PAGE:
Keshet International on changes in TV distribution
Jack Davison Executive Vice President
In this episode of ‘Inside Content - the TV Industry Podcast’, I speak with Kelly Wright, SVP Distribution and New Business, and Rose Hughes, VP of sales from Keshet International. KI is a leading global content producer and distributor and part of the Keshet Media Group, Israel’s most successful media company.
One of the key topics discussed in the episode was how the TV distribution market has evolved - the global market has become more competitive, there is an increasing demand for content and audiences' expectations have shifted. Rose explains that previously it was about selling finished tape and formats, whereas now the distribution models and types of partnerships are changing. She explains that there is now a key focus on co-productions and pre-buys and working closely with partners to produce content together. This shift in the distribution TV marketplace is an exciting one and Kelly agrees that although challenging, it has led to deeper partnerships along with mutual respect and growth.
We also discuss the surge in new D2C streaming video platforms such as Netflix, Disney +, HBO and Britbox. Rose describes how Keshet International are working with these new SVOD platforms, as they still need third party content to grow their audiences and complement their studio owned content offering. She explains that it is an exciting time, as it provides new platforms and homes for their shows. Kelly discusses how the growth of these new SVOD platforms does provide some challenges. A lot of studio owned content is going into its vertical (D2C OTT platform) but they are also seeing local OTT platforms that are wanting to go global. For example in India with HotStar and SonyLIV, that are wanting to adapt formats but take global rights in all languages. She explains “Not only is content becoming sometimes more restricted to within its vertical conglomerate, but it's also on the horizontal spread - content that you're selling to one territory doesn't just stay in one territory anymore. So I think there are those two sides of the coin”.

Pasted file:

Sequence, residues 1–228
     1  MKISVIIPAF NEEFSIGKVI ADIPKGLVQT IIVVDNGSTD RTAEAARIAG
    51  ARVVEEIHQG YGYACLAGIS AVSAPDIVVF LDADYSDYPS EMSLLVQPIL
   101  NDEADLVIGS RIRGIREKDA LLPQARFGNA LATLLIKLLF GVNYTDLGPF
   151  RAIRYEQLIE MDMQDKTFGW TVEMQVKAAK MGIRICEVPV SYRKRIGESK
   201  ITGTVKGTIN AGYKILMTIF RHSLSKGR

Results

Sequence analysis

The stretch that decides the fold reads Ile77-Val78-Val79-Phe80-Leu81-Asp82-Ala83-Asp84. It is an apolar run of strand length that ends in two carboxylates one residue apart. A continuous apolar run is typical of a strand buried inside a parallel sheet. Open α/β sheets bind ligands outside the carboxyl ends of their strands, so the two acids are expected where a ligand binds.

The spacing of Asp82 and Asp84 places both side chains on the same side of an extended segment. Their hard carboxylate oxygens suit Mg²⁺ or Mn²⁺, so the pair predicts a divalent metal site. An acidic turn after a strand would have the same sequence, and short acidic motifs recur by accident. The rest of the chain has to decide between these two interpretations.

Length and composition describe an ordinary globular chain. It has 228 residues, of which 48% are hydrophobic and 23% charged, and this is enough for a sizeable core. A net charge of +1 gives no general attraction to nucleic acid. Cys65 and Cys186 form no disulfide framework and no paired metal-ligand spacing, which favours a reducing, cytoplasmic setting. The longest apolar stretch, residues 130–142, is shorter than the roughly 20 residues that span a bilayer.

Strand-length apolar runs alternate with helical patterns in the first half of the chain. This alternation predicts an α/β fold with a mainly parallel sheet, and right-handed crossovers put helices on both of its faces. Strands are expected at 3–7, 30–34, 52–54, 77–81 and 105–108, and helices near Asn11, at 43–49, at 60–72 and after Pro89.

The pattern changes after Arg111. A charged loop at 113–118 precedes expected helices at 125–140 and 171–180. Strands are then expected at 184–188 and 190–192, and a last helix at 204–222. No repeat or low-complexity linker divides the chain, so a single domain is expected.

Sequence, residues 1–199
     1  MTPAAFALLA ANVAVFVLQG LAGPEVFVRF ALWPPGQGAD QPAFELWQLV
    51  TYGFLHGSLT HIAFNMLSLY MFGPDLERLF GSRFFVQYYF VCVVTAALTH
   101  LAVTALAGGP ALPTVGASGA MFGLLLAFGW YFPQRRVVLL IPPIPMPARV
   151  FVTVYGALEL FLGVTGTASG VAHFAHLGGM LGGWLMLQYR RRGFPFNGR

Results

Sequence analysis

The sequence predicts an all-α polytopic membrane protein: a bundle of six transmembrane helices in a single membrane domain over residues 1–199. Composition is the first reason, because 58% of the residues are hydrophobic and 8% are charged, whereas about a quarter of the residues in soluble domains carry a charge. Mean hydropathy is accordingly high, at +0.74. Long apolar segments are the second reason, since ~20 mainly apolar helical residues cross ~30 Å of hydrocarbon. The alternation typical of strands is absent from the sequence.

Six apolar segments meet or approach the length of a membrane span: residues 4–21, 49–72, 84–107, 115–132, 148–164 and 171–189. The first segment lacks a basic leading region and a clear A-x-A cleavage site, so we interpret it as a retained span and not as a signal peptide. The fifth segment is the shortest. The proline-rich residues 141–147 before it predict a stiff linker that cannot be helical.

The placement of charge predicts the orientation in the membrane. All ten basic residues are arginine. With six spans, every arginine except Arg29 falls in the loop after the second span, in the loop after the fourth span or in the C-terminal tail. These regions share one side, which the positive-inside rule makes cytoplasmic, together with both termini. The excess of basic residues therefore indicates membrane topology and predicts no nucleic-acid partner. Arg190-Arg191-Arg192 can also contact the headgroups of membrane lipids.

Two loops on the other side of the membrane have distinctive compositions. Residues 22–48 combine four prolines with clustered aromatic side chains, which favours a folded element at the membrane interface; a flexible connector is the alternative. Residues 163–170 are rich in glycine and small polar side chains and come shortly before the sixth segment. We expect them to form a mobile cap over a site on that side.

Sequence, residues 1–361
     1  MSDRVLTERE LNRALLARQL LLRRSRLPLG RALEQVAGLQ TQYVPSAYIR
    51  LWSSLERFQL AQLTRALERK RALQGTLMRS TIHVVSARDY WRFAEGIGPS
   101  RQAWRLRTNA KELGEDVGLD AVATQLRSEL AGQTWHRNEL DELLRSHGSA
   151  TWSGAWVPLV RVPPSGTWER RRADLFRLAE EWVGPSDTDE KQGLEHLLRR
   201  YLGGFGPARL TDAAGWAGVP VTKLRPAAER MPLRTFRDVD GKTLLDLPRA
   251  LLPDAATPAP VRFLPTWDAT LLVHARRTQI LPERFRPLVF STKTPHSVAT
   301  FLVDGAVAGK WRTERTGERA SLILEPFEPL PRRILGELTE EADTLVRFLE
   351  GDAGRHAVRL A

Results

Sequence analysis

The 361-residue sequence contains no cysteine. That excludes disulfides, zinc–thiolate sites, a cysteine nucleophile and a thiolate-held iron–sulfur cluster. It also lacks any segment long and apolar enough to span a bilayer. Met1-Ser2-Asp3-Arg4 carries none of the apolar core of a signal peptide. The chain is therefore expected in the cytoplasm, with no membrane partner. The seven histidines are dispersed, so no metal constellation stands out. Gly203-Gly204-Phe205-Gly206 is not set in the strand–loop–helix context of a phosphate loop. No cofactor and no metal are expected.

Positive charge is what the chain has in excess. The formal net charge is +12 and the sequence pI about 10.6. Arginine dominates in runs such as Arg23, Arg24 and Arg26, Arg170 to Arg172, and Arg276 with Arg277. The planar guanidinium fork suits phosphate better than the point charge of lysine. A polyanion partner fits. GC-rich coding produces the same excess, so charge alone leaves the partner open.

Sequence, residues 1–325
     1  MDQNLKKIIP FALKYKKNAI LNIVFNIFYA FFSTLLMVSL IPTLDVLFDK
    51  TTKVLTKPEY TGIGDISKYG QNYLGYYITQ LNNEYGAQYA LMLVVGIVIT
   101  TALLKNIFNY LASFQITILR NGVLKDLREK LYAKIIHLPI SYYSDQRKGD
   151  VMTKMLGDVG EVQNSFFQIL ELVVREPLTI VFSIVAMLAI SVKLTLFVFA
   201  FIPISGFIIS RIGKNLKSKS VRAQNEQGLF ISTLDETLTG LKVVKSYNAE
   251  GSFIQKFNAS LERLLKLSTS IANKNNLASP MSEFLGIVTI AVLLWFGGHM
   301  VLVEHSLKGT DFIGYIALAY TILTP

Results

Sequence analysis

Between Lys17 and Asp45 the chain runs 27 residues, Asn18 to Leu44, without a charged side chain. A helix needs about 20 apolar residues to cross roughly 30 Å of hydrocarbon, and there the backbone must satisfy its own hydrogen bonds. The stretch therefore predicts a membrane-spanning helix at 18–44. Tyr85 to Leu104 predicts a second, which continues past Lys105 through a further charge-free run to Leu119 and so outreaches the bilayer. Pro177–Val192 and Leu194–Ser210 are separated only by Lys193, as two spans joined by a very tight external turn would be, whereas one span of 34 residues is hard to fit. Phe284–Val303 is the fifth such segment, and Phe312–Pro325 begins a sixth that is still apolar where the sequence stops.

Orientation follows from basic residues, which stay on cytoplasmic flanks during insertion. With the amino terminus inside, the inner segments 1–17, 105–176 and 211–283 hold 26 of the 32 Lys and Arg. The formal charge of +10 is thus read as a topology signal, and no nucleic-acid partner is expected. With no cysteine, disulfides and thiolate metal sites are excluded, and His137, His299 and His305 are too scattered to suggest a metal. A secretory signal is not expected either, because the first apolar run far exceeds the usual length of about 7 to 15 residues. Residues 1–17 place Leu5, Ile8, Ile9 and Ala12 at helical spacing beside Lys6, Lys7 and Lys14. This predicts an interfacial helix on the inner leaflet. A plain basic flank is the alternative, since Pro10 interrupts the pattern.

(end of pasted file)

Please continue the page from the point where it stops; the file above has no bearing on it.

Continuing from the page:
Another highlight of the episode was discussing the recent changes in how content licensing deals are being structured, exclusivity and windowing. Rose explains that previously there used to be three to four windows for each deal and you could incrementally grow your revenue. Whereas now, when “you make a show for a global partner then you may never be able to sell it again. If you are licensing that content to a global partner, then maybe you have a 12 to 18 to 24 month holdback and then the conversation is...what catch are you going to be able to give to the secondary window”. She explains that the amount of catch-up that you give to a secondary window massively impacts upon the interest of the partner to take that content because “digital is queen now”. Rose discusses how the likes of Scandinavian companies such as SVT, are premiering on their digital platforms first and then putting the content onto linear - this ‘digital-first’ approach is a growing trend. She explains that it is a key challenge, as if you can only grant a rolling 5 catch up right to a secondary broadcast partner then you may not sell it, so you may have to wait until the holdback has expired.
Other topics discussed including the growth of international formats, AVOD and media conglomerate mergers.
Here is a breakdown of the topics discussed in this episode:
[02:52] Introduction to Keshet International
[06:08] How has the distribution market evolved?
[13:58] How has the surge of new D2C streaming video platforms impacted the TV market?
[15:58] What are the key challenges of these new D2C vertically integrated models?
[18:55] How have content licensing deals changed in respect to exclusivity and windowing?
[19:27] How has the shift to digital-first distribution strategies impacted your business?
[24:51] Can you tell us about the growth of the international format business?
[34:10] Do you consider AVOD to be a major growth area?
[42:08] What impact do you think the media conglomerate mergers are having on the TV landscape?
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